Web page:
Gujarat elections: How caste has emerged as key factor in the high-stakes battle | assembly-elections$Gujarat-2017 | Hindustan Times
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Gujarat elections: How caste has emerged as key factor in the high-stakes battle

Both the parties are locked in a fight to attract influential castes, many of have been staunch supporters of the BJP but have become disenchanted with the party’s 22-year-long rule.

assembly elections Updated: Oct 26, 2017 09:04 IST
Hiral Dave
Patidars or members of Patel community wear masks of Sardar Vallabhbhai Patel as they participate in a rally in Ahmedabad.
Patidars or members of Patel community wear masks of Sardar Vallabhbhai Patel as they participate in a rally in Ahmedabad. (AP File Photo)

The BJP and the Congress might be talking about jobs and development at their campaign rallies but caste has emerged as a significant factor in Gujarat after years and might decide the fate of the assembly election in December.

Both parties have been locked in a months-long fight to attract influential castes, many of have been staunch supporters of the BJP but have become disenchanted with the party’s 22-year-long rule in Prime Minister Narendra Modi’s home state. In focus have been three young men – Patidar leader Hardik Patel, OBC leader Alpesh Thakor and Dalit leader Jignesh Mewani.

At the core of the renewed caste politics are the Patidars, a traditionally BJP-supporting community that comprises 12% of the state’s 60 million population and hold influence in at least 60 of the 182 seats.

The Patidars, led by the firebrand Hardik Patel, hit the streets in July 2015, demanding OBC status that would result in quotas in jobs and education. This community of farmers, diamond barons and some of the biggest industrialists in Gujarat – who saw a fall in fortune in recent decades as agriculture declined -- suddenly moved away from the BJP, especially the younger generation.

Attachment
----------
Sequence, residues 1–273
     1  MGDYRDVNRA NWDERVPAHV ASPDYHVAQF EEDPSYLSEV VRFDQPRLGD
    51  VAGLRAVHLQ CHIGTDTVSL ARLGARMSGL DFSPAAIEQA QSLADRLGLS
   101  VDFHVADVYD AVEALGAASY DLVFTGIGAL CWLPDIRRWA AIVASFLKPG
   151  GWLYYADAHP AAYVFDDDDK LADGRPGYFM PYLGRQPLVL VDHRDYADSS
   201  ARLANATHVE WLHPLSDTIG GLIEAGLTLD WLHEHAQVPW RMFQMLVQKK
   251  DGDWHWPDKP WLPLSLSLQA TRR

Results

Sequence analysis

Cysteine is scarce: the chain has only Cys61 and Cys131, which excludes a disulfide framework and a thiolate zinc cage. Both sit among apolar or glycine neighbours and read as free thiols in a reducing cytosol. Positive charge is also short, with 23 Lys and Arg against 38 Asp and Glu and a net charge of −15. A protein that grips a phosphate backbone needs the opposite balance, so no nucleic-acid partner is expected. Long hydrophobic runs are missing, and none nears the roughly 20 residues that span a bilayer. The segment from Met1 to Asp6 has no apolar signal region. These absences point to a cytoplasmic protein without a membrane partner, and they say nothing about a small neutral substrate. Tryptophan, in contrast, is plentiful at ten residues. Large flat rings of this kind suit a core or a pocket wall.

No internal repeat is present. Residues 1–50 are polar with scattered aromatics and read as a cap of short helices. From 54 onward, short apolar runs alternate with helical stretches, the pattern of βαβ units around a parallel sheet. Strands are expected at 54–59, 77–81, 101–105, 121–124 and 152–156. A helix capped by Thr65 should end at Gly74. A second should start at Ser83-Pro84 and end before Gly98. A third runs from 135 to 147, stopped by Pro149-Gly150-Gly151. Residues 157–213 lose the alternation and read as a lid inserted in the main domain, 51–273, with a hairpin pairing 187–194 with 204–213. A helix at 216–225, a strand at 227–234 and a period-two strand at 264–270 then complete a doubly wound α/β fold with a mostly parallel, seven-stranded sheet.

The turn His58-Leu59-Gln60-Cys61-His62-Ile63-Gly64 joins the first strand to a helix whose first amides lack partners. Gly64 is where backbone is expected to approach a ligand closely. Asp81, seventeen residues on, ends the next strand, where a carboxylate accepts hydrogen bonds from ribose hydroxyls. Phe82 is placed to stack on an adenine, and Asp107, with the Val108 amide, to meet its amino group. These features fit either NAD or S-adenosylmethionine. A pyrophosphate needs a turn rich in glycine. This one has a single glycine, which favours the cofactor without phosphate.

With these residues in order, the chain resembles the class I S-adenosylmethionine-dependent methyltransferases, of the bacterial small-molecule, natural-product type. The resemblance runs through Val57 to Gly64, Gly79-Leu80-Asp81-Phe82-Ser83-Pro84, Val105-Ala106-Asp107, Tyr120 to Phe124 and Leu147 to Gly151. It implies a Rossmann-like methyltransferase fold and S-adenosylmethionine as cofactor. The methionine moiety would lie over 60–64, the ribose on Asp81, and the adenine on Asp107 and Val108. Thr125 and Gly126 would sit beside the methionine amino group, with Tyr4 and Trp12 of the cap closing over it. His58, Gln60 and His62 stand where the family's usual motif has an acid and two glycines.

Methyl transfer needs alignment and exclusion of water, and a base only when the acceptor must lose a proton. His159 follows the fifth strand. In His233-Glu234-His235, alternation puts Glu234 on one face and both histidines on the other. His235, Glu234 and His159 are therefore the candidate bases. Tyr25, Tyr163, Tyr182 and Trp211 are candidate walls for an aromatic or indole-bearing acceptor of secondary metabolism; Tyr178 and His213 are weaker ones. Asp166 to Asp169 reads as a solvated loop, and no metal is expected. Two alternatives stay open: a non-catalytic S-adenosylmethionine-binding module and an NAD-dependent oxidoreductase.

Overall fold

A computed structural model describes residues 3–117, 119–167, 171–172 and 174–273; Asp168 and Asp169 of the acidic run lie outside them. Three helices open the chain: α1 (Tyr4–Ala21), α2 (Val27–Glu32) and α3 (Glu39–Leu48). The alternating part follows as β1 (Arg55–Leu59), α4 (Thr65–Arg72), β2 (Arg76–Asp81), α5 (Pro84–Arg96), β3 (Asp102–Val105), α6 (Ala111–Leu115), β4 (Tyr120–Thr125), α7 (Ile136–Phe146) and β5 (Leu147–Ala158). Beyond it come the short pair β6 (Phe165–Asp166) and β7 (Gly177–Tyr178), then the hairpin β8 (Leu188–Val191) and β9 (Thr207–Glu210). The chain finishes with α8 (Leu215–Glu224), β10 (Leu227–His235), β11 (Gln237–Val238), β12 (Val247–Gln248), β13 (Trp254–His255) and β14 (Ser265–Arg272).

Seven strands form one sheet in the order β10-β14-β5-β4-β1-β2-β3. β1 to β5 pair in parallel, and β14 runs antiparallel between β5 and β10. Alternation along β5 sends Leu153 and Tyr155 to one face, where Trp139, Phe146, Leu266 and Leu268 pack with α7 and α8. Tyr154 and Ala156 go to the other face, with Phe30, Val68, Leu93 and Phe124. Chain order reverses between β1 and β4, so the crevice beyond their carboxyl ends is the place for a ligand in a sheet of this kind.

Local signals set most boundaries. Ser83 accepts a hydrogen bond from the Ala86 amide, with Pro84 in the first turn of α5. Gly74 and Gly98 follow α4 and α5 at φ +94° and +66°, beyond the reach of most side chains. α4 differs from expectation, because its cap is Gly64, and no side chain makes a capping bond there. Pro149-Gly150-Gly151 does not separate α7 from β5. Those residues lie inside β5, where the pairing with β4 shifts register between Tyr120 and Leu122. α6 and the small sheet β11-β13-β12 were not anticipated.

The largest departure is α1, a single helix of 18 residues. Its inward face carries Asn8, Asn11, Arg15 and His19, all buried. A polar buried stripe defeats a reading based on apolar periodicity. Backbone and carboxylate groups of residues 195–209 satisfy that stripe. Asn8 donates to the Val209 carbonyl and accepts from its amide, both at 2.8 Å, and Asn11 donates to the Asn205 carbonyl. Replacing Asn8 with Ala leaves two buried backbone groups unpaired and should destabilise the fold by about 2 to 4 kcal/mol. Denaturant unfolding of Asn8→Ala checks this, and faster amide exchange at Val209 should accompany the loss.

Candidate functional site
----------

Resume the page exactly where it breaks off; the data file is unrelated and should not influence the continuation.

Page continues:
The impact was immediate. In the local body elections in December that year, the BJP suffered heavy losses across the countryside with its kitty of panchayats more than halved. The party won just 73 panchayats compared to the Congress’ 132, boosting the opposition party that had lost virtually every election in the state for a decade by then.

The loss, experts say, made the BJP realise that caste dynamics in the state were shifting and the Patidars – who shifted to the saffron party in the 80s – were now a fractured votebase.

In 1980, the Congress stitched together a rainbow coalition– called KHAM for Kshatriya, Harijan (Dalits), Adivasi (Tribals) and Muslims – that brought together nearly 40% of the state’s population and brought former chief minister Madhavsinh Solanki to power with a record 141 seats in a 182-member assembly.

“But the move was instrumental in pushing Patidars, who were then emerging as the economical backbone of the state, towards the BJP,” says political analyst Hari Desai. “Since then, this is the first election when caste equations are clearly at the forefront.”

In 2002, the BJP won its biggest-ever victory under then chief minister Narendra Modi. The election was held in the aftermath of the 2002 Godhra train burning and subsequent riots, where more than 1,000 people died.

``If the communal divide dominated the elections in 2002 held in backdrop of communal riots, Narendra Modi made efforts to change the narrative to development issues in subsequent elections. But this time due to agitation by various communities, the caste equations are back as the central idea,” said analyst Achyut Yagnik.

This time, the Patidar movement, counter-protests by a section of the OBCs and agitations by Dalits against atrocities have brought caste to the fore.

Both parties know this. The Congress is trying to revive KHAM while the BJP is trying to placate the Patidars.

On October 23, when Congress vice president Rahul Gandhi started his speech in Gandhinagar with slogans of Jai Mataji (Kshatriyas), Jai Sardar (Patidars) and Jai Bhim (Dalits), it was seen as a bid to invoke KHAM, but with an addition of P (Patidar).

The same stage was also a platform for the formal induction of Alpesh Thakor into Congress.

But his addition might not go down well with OBC status-seeking Patidar because Thakor emerged on Gujarat’s political scene floating on his strong opposition to granting Patidars an OBC tag.

Gandhi has also visited several temples in his visits to Gujarat, including the Shree Khodaldham (Patidar’s deity temple) and Phagvel (an important Kshatriya pilgrimage).

The BJP has withdrawn nearly 400 police cases against Patidar youth registered after violent protests by the community to push for their quota demand.

After the BJP’s move to introduce 10% reservation for economically backward classes from all non-reserved communities was struck down by the court, the state government this month formed a commission as well as a corporation to look after various needs of the non-reserved castes.

But the party still hasn’t been able to devise a strategy for the state’s Dalits, who are angry after a surge in atrocities, especially the flogging of scheduled caste men by alleged cow vigilantes in Una last year.

The Congress has gone all out to woo Jignesh Mevani with the party’s Gujarat in-charge Ashok Gehlot saying he had a good meeting with the young Dalit leader this week. But Mevani has kept his cards close to his chest.